Many years ago, when my kids were small, my wife and I used to leave them at the local day care centre so that we could go to work. Our families lived far away and it’s hard to imagine how we both could have kept working without that vital service.
Every day, millions of working parents around the world do the same thing, entrusting their children to early childhood education (ECE) personnel in crèches, nursery schools and day care centres. It’s no surprise that many countries around the world are investing heavily in it. Continue reading
After four years of college, my son is about to graduate with a degree in Environmental Politics. We are both aware that he is entering the job market at a time when more and more young people cannot find work.
While putting together his résumé, he recently asked me what kind of skills today’s employers want from a new job candidate. A lot of people his age are probably asking the same question, so I thought I’d share a few thoughts.
According to recent surveys, employers these days aren’t just looking for experience. They’re also interested in “softer skills” like problem-solving and creativity that can play as big a role in career advancement as training or education.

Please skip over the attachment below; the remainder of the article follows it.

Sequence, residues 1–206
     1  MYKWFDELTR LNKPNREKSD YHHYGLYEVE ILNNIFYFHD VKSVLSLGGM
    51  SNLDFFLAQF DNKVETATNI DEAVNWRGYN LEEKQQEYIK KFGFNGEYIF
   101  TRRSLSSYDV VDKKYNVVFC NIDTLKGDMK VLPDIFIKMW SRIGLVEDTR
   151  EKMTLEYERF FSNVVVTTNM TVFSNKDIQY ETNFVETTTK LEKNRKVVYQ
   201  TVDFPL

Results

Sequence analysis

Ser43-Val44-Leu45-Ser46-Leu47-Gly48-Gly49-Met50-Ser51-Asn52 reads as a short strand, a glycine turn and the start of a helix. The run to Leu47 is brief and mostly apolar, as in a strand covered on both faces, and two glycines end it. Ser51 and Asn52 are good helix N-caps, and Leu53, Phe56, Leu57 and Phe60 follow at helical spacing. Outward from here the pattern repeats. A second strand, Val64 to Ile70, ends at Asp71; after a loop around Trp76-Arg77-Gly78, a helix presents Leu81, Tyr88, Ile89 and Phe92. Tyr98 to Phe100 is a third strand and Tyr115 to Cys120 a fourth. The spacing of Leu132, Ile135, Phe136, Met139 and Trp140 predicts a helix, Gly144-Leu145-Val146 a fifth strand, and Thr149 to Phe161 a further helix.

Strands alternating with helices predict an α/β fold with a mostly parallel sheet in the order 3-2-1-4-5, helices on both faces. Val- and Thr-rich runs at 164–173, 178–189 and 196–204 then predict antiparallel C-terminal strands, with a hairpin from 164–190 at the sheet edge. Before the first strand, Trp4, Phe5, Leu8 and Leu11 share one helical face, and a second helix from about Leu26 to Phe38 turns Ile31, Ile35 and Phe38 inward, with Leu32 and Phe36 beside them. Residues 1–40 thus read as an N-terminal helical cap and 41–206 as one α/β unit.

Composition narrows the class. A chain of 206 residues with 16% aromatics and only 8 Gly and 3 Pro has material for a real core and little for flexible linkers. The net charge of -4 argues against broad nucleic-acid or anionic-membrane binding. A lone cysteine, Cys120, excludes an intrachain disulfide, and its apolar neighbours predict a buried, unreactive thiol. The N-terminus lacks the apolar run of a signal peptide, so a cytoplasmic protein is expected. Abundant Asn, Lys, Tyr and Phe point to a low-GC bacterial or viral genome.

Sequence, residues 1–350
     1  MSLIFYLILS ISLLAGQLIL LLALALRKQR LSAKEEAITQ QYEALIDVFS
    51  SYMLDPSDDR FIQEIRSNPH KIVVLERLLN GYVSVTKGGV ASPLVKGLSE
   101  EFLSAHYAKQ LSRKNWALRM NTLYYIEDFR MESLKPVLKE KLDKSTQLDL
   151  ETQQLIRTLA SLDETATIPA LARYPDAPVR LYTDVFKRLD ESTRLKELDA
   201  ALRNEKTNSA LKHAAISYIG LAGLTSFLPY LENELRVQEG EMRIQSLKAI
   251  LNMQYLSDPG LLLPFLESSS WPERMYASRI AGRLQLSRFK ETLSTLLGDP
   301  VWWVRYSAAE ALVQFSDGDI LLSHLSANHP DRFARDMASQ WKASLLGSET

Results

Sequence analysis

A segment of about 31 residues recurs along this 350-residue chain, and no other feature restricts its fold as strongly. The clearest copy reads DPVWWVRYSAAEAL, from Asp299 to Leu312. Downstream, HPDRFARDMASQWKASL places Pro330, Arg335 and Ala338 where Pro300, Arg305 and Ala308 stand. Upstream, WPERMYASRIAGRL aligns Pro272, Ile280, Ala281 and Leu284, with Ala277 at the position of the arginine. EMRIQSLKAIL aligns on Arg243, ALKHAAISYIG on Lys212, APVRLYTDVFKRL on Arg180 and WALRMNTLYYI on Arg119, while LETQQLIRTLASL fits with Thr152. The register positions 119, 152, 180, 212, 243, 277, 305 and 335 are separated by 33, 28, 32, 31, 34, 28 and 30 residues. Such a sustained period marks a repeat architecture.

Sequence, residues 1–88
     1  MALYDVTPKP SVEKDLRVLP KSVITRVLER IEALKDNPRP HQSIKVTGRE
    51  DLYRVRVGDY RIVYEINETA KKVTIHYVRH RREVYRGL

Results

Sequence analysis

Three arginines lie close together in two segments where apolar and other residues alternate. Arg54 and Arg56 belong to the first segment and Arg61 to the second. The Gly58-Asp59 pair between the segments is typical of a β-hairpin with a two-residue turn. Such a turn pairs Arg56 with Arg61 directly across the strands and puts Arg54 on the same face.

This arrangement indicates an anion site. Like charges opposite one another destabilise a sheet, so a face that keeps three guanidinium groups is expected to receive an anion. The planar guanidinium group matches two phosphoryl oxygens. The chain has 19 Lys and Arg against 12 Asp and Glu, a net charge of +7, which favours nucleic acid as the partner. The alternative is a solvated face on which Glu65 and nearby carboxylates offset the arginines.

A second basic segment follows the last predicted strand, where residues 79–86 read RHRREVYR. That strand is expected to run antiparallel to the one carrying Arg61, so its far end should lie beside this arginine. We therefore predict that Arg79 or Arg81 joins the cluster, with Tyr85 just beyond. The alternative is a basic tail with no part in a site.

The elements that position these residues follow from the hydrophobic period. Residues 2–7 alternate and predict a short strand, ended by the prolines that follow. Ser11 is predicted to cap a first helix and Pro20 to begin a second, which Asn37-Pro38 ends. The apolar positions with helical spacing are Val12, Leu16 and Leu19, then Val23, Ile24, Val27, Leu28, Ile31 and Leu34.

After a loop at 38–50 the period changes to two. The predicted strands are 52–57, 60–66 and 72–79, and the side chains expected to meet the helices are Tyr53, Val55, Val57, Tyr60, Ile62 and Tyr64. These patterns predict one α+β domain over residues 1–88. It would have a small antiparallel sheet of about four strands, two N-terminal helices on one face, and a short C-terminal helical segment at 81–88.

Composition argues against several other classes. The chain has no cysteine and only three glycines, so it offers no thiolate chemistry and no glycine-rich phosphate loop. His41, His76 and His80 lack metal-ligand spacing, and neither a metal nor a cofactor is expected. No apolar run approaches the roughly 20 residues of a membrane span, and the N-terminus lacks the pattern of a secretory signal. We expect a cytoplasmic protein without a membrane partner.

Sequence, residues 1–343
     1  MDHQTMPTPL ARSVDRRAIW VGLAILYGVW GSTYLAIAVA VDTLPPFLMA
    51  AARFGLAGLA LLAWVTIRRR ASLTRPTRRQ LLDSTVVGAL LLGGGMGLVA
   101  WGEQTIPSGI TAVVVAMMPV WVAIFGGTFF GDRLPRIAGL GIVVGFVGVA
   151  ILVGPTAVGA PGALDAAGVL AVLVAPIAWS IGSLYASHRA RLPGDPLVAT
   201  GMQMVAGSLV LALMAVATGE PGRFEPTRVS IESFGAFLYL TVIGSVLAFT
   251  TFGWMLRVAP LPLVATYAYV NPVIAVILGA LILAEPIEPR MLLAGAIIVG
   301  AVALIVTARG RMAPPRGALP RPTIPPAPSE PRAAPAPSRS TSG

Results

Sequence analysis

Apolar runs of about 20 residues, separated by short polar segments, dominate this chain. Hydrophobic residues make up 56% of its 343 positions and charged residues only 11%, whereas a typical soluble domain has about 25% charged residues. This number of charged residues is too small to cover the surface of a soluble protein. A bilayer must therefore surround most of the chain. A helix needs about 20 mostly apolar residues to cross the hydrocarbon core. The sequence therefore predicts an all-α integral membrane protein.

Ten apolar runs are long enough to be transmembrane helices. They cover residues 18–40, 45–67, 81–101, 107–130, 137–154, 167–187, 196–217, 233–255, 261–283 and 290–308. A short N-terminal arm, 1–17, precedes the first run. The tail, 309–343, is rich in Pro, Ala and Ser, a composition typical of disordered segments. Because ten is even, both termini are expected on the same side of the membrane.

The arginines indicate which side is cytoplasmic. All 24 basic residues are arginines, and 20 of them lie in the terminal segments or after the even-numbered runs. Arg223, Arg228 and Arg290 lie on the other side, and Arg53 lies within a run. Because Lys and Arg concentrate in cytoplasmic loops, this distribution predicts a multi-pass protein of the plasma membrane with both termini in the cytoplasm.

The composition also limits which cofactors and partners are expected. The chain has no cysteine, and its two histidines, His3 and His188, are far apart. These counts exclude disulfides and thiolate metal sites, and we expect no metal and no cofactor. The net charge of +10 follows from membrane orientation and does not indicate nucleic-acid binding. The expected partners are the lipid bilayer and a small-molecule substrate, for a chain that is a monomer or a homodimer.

Rahel was confined for more than two years in her employer’s home in Beirut, 13 years ago.
She explained that for six months her only contact with any person outside her employer’s immediate family was through hand signals across the roofs to another woman. After some time she realised she could converse with some Sudanese kitchen workers in a hotel that backed onto her employer’s house. Through a sealed window she established her first verbal contact beyond that of the “madam’s” family, but she never saw their faces.